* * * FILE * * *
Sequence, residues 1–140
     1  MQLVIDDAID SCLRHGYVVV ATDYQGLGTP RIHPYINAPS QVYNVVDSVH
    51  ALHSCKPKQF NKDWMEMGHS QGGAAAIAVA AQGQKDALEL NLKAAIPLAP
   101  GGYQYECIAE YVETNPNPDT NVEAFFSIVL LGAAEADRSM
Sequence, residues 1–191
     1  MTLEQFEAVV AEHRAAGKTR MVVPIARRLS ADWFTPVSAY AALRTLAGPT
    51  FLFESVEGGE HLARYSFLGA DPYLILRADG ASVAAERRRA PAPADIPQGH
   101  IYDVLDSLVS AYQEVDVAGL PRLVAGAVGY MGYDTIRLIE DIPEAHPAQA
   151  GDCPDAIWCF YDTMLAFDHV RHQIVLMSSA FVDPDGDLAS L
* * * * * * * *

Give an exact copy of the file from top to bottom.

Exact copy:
Sequence, residues 1–140
     1  MQLVIDDAID SCLRHGYVVV ATDYQGLGTP RIHPYINAPS QVYNVVDSVH
    51  ALHSCKPKQF NKDWMEMGHS QGGAAAIAVA AQGQKDALEL NLKAAIPLAP
   101  GGYQYECIAE YVETNPNPDT NVEAFFSIVL LGAAEADRSM
Sequence, residues 1–191
     1  MTLEQFEAVV AEHRAAGKTR MVVPIARRLS ADWFTPVSAY AALRTLAGPT
    51  FLFESVEGGE HLARYSFLGA DPYLILRADG ASVAAERRRA PAPADIPQGH
   101  IYDVLDSLVS AYQEVDVAGL PRLVAGAVGY MGYDTIRLIE DIPEAHPAQA
   151  GDCPDAIWCF YDTMLAFDHV RHQIVLMSSA FVDPDGDLAS L